A few of you folks have asked me how I make word balloons using Photoshop, so as I was doing final edits on THE FEW, I flipped on the camera and recorded the process hoping that a brilliant tutorial would magically happen! Unfortunately, all that happened was me recording myself babbling aimlessly as I try to string two words together that make some kind of sense. I even called something a “shape maker” which I don’t think is an official Adobe term… for anything. So don’t think of this video as a tutorial. Think of it as spending a couple of minutes looking over Dennis’s shoulder while he works.
The next three issues of THE FEW are officially underway. Here’s a snapshot of how I create a single panel of art for a page in the comic.
I take the written script, “massage” the text to make it work in a picture format, create a really simple rough of the entire story and send it to the editor for approval. When I receive the go ahead, I refine the art, put it on a light table, do a tight pencil drawing, scan that into the computer an add color with Photoshop.
All I need to do now is repeat this process about three hundred times and the next three comics will be ready to send to the printer.
While the general public is not able (at this time) to get the new comic books, rumor has it there are copies floating about… but you kinda have to drive to Falls Creek, Oklahoma to acquire one.
I just met with a talented group of creatives in their Arkansas studios and I’m excited to announce that we’ve come up with a brand new comic book project! It’s top secret, but I’ve been given permission to share some of the notes from our meeting. We have a superhero named Charlie, a sidekick robot named 10-Boy, a bad guy named the Globber and two squirrels named Squeak and Squawk. The squirrels are indecisive and don’t know which team to root for. They tell me the roads of Arkansas are paved with double-minded squirrels. For some reason the junior executive at the meeting nicknamed me Uncle Dentist. I’m thinking that was an effort on his part to make me feel at home and keep the brainstorming session loose and creative.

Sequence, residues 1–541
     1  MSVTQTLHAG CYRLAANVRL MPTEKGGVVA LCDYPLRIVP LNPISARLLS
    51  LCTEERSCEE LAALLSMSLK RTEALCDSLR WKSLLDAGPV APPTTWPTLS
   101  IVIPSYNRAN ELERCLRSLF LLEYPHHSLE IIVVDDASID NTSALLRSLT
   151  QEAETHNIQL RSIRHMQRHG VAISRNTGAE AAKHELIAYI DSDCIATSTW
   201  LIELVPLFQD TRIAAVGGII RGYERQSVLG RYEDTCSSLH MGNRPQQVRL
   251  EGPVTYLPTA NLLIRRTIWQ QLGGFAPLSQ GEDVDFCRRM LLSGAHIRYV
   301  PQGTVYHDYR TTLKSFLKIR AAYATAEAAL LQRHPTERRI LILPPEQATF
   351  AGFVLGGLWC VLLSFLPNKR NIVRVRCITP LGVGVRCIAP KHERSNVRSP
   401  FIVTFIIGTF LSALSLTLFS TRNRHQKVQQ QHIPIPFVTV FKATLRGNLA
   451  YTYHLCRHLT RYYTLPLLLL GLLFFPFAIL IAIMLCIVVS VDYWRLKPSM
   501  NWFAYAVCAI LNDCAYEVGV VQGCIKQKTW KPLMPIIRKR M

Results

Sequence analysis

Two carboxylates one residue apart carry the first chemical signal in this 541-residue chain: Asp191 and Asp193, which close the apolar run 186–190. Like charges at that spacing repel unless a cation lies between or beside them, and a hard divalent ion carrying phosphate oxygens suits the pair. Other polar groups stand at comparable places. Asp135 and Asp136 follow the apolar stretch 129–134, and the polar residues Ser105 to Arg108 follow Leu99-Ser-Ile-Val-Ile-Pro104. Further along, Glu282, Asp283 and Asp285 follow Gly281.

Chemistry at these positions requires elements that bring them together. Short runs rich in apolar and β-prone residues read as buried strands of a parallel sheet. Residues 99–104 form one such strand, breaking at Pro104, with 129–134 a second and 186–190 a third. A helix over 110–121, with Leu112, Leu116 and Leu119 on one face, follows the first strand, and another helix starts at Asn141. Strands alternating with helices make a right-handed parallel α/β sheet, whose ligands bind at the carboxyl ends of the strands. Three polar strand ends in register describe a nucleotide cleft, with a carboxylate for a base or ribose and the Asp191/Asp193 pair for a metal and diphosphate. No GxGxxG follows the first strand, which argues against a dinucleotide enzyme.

A look behind the curtain as Todd and I put a comic book together.
Dennis: Hey Todd, how ’bout something like this for the cover on the first comic. Todd: Looks good, let’s do it.
(a couple of days later)
Dennis: Ok Todd, the covers are done. Todd: Cool… I thought we decided to wrap the artwork around and onto the back of the comic? Dennis: AARRGGHHHHH!
(a couple of days later)
Dennis: You’re right. I’ll get that fixed…
Almost to the finish line with the first three…
Today Rob from somewhere out in internet land told me he had just purchased the Cryptozoic Batmobile Collectable and asked if there was any place he could buy the artwork I did for it, so I loaded it up on my ImageKind Shop for him. Click HERE to go to my ImageKind Shop.
That reminded me that Valerie from some other place out in internet land had asked me back in January where she could buy the collectable. I wasn’t sure at that time, but they are now available on Amazon and probably at various higher end comic book shops nationwide. Click HERE to see it on Amazon.
And now story time (some of the facts in my story might be wrong because I’m telling it from memory) Way back in the olden days (1950’s-60’s?) a toy company in the U.S. was buying a batch of tin Batmobile toy cars from a Japanese manufacturer. The folks in Japan had no idea what a Batman was or what any of the Batman stuff looked like and in the process of creating the car they accidentally switched the trim color (red) with the car color (black). Imagine the U.S. toy companies surprise when they opened their crates of Batmobiles and they were all red! It was a mistake, but hey, they looked pretty cool, that’s what they had, so they sold them as best they could. Today those old red tin-toy Batmobile mistakes are highly sought after collectables. In tribute to that history, Cryptozoic produced a limited edition of Red Batmobiles. They also made a BLUE variant which is my personal favorite.